Sunday, September 02, 2007

Time's tickin' ...

From the BBC website:
China dishes up menu translations

China is working hard to present a positive image during the Games
China is taking action on the English translations of its restaurant menus in its campaign to brush up the country's image for next year's Olympics.
The Beijing Tourism Bureau has released a list of 2,753 dishes and drinks it thinks could do with a wording rethink. to the article >> offers a selection:

1 夫妻肺片 Pork Lungs in Chili Sauce
2 红烧狮子头 Stewed Pork Ball in Brown Sauce
3 回锅肉片 Sautéed Sliced Pork with Pepper and Chili
4 酱猪手 Braised Pig Feet in Brown Sauce
5 京酱肉丝 Sautéed Shredded Pork in Sweet Bean Sauce
6 木须肉 Sautéed Sliced Pork,Eggs and Black Fungus
7 糖醋排骨 Sweet and Sour SpareRibs
8 四喜丸子 Four-Joy Meatballs (Meat Balls Braised with Brown Sauce)
9 当红炸子鸡 Deep-Fried Chicken
10 宫保鸡丁 Kung Pao Chicken

Does anyone know where to get the full list?

Here's the download:
北京市菜单英文译法(讨论稿) Regulations for the English Translations of Menus in Beijing City - Draft version (Word file)

To all my fellow Chinglish custodians out there: Please shoot as many menus as possible!


At 6:46 PM, Anonymous Anonymous wrote ...

About the name of dishes, it's a long story. In most eras of Chinese history, poets and writers form the dominant class of the society. Ancient Chinese people don't like to say anything straight forward, because of they don't want anybody think him/her is a slob. This kind of people enjoy of showing off their literary talent, and such behavior was fashionable around the country. That makes the expression of the language much more complex than it need to be. OK, let's back to our subject. As a restaurant is an important social occasion in Ancient China, people enjoys drinking and recite poems there. Every restaurant managers know that name of dishes must be poetic to suit their customers.
And in fact, those names you listed already have been much simpler now, but I think you can still find some names that are too poetic to express itself.(maybe looks like 八仙过海, 五谷丰登)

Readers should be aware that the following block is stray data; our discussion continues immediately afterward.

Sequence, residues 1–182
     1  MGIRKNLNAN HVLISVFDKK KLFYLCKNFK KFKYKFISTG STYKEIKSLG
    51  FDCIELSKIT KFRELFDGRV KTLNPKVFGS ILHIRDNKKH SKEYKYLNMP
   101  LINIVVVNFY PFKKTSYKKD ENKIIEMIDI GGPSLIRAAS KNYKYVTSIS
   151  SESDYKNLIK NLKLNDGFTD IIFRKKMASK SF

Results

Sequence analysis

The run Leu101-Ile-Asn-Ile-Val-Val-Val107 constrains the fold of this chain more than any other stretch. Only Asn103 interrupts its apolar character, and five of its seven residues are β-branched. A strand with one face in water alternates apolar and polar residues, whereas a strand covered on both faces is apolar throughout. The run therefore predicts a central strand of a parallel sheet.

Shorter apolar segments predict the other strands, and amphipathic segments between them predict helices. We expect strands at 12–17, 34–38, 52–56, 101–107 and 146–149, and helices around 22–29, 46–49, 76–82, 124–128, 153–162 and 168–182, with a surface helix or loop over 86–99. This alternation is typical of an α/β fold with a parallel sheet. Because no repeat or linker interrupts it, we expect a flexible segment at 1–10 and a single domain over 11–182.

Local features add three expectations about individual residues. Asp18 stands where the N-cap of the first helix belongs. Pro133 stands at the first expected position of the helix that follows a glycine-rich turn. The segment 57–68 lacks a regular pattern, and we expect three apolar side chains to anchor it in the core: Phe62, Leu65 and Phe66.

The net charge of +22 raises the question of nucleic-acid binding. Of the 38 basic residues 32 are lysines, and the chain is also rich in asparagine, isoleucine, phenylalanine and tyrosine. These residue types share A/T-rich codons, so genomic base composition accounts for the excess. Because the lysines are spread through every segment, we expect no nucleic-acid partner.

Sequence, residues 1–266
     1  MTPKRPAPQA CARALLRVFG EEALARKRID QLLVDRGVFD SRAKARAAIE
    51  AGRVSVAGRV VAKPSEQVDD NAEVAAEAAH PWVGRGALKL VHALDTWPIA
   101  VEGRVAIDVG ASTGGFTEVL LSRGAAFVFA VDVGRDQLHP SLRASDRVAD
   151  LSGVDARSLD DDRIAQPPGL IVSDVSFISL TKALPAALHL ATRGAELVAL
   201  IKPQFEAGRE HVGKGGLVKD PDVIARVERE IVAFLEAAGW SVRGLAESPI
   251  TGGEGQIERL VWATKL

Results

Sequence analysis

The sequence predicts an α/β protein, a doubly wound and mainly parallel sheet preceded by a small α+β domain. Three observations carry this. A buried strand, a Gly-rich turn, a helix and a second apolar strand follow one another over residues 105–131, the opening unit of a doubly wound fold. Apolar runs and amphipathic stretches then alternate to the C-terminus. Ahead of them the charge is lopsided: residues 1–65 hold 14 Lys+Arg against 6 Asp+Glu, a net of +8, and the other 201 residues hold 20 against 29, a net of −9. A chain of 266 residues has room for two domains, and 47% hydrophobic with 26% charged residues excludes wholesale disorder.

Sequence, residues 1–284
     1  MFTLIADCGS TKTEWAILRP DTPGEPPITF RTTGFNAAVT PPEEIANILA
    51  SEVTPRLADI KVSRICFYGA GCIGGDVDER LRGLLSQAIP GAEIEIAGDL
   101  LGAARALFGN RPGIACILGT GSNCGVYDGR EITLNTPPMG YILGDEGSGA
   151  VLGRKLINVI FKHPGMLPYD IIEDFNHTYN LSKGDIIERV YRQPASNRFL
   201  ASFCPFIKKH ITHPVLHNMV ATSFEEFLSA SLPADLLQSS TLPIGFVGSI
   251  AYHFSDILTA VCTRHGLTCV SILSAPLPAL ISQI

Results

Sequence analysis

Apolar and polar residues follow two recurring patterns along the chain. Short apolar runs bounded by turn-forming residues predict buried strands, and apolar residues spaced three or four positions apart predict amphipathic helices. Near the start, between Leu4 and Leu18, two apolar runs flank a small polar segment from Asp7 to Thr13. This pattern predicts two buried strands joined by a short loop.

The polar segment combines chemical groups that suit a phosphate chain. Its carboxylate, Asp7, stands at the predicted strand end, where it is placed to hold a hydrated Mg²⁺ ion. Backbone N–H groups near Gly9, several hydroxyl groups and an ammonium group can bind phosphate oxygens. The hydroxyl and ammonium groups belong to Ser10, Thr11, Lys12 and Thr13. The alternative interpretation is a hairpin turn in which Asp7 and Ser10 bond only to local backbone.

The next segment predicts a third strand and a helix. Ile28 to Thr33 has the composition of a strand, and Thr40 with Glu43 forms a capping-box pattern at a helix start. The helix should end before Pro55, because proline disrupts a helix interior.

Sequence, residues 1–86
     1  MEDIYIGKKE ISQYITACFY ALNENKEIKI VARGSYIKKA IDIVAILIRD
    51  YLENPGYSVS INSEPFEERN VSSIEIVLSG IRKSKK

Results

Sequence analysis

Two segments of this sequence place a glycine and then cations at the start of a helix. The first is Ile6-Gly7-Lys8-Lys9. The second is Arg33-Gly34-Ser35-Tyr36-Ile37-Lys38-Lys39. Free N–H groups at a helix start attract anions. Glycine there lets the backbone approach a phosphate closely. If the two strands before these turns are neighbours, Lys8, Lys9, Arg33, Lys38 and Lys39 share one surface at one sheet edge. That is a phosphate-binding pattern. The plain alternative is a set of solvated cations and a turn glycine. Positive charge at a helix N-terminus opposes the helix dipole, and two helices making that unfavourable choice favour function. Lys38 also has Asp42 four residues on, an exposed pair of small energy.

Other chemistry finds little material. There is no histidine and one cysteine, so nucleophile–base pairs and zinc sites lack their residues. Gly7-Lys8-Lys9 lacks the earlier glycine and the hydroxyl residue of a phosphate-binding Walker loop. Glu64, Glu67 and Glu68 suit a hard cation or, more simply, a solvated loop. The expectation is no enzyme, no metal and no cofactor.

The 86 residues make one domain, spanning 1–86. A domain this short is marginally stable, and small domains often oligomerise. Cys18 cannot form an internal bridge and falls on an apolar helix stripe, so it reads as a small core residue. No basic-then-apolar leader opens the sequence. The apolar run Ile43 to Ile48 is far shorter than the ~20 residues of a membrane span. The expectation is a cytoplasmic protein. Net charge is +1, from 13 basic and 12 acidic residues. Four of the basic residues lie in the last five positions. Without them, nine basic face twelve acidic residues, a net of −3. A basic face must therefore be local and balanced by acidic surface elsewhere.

At 11:22 PM, Anonymous 多瑙河之野鸭 wrote ...

You can find the full list here:


At 11:43 PM, Anonymous 多瑙河之野鸭 wrote ...

I found an updated version:

At 8:30 AM, Anonymous Anonymous wrote ...

Wish you can read Chinese.
Please go to this webpage,
You can download 2 MS Word documents from the links at the bottom.

At 8:46 AM, Blogger fengjin wrote ...

I found the complete list here. But this webpage is in Chinese.
You can download 2 MS Word documents from links at the left bottom corner.

At 11:18 AM, Blogger olr — 纪韶融 wrote ...

Thanks, everybody for the quick reply!


At 12:24 AM, Anonymous Anonymous wrote ...

Actually we can find out answers of most of dishes listing here in HK or Taiwan restaurants. They've done good jobs.

At 10:20 AM, Anonymous chinasky wrote ...


At 1:45 PM, Anonymous 01 wrote ...


At 4:16 AM, Anonymous 豚豚 wrote ...

1 夫妻肺片 Pork Lungs in Chili Sauce


At 7:29 AM, Anonymous Anonymous wrote ...


I am a Chinese immigrant in North America and I found it amusing to see this site. I just want to explain this that Chinese are not so detail-orientated as Westners because they enjoy a casual lifestyle under the native "TAO" influence, which is the reason why people feel relaxed in China. They have their own culture and words so they don't care so much about English. Yet they can focus their energy and attention to the spots in need.

I wish the Searching for Chinglish Movement is just out of fun and not for other reasons. If you have been on the land of China and have enjoyed the kindness and services from her people, show some appreciation besides the Chinglish hunting. It is called civilization, isn't it?

At 3:29 AM, Blogger ctqucl wrote ...

Pork Lungs with love.

At 3:04 AM, Anonymous Anonymous wrote ...



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